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Cracker Squire

THE MUSINGS OF A TRADITIONAL SOUTHERN DEMOCRAT

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Location: Douglas, Coffee Co., The Other Georgia, United States

Sid in his law office where he sits when meeting with clients. Observant eyes will notice the statuette of one of Sid's favorite Democrats.

Wednesday, November 28, 2007

I am glad I did not write that resolution -- Governor & lawmakers balk at terms committing to extra state funds; board members deny making demands.

From the AJC:

On a day when Grady supporters should have been triumphantly plotting a bright future for the rescued hospital, Grady board members instead deflected angry blowback on Tuesday from the people whose support they need most.

With Gov. Sonny Perdue joining the chorus of criticism, the board members' ambitious $500 million plan to create a nonprofit governing board and save the hospital appeared to be badly damaged by the language of the resolution they passed Monday.

State and county officials whose financial support is crucial attacked the plan, which some view as demanding money from them.

Board leaders stressed Tuesday that they are making requests, not demands, and that not all the conditions in the resolution must be fulfilled to move forward.

Most of the public conversation has focused on a Metro Atlanta Chamber of Commerce proposal to shift operating control of the hospital to a private nonprofit corporation, accompanied by promises of an influx of private funding. And that's the focus of the resolution.

But the language of the document conditioned the change on commitments of money. Again and again, the resolution requests and, in some cases, demands more money from county, state and business leaders.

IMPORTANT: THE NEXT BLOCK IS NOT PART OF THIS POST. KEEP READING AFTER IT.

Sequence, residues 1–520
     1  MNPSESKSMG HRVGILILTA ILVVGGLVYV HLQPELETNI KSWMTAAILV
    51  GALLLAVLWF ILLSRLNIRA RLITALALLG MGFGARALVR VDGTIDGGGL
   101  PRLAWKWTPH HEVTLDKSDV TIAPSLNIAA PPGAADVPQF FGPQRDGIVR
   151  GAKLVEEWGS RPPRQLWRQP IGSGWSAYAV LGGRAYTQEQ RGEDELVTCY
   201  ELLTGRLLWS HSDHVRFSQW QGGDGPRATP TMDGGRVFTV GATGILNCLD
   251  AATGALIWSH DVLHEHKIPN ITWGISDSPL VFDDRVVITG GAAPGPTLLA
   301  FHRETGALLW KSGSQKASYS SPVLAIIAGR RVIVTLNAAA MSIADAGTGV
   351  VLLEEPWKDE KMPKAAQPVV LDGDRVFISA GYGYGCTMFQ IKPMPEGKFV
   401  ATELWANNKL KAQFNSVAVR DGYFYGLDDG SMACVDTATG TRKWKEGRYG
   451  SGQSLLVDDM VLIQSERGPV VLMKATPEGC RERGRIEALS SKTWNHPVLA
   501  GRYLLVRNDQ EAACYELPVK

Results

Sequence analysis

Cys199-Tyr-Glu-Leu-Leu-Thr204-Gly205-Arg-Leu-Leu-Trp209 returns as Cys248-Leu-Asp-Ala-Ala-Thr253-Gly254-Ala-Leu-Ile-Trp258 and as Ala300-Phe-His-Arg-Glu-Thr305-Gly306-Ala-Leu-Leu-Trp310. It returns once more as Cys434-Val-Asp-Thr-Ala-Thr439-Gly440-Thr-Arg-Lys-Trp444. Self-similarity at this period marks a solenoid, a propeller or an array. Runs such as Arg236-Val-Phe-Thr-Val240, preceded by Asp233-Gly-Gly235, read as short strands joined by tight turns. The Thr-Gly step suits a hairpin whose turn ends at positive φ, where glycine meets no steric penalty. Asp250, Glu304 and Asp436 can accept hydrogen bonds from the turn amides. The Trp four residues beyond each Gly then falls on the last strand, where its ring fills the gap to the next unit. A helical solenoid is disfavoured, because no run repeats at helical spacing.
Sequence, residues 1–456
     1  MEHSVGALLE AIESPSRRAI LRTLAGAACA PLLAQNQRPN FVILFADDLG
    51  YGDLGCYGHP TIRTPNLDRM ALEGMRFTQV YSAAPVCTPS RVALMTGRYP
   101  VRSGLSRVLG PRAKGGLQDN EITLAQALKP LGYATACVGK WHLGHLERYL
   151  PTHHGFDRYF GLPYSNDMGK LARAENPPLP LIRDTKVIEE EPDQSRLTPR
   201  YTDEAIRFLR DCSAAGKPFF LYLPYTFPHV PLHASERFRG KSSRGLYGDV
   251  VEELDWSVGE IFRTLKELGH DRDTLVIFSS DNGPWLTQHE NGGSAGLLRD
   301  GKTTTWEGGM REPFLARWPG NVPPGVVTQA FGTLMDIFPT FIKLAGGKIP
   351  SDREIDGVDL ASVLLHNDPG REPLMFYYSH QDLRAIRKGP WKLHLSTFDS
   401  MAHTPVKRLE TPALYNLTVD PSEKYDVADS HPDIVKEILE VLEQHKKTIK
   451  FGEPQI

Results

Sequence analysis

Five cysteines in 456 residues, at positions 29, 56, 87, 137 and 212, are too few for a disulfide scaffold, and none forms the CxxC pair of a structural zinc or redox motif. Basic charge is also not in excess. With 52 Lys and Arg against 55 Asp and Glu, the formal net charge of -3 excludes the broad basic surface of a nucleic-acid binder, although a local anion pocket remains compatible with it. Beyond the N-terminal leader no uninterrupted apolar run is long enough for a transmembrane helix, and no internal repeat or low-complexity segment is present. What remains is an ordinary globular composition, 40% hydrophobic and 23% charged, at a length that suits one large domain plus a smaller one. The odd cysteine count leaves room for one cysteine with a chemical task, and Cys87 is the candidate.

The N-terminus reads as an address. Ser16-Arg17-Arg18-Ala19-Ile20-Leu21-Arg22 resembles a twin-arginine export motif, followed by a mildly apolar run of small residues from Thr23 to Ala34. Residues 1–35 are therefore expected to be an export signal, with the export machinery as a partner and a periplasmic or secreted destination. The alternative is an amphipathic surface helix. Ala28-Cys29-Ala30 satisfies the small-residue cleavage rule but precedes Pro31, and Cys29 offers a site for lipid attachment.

"To throw out conditions without advanced discussion is presumptuous," Fulton County Commissioner Lynne Riley said. She added that it creates an "adversarial relationship, not a collaborative one."

So some Grady board members spent Tuesday trying to smooth ruffled feathers and get the plan back on track. Board leaders tried to soften their message.

"We do need to sit down and have further discussions with members of the state Legislature, so they can come to a better understanding of what the resolution says," said the Grady board's vice chairman, Dr. Christopher Edwards. "I think there are some clarifications that are ongoing."

Board Chairwoman Pam Stephenson, who also supports creating a nonprofit management board for Grady, added, "We don't take what we said as demands."

The angry responses marked a shift in what had been a conciliatory tone among Grady leaders and these political leaders. Grady has been under pressure for months to create a new governing body, and the positive vote Monday was expected to be a coming together of the medical community, Atlanta business leaders and state officials who favored such a change.

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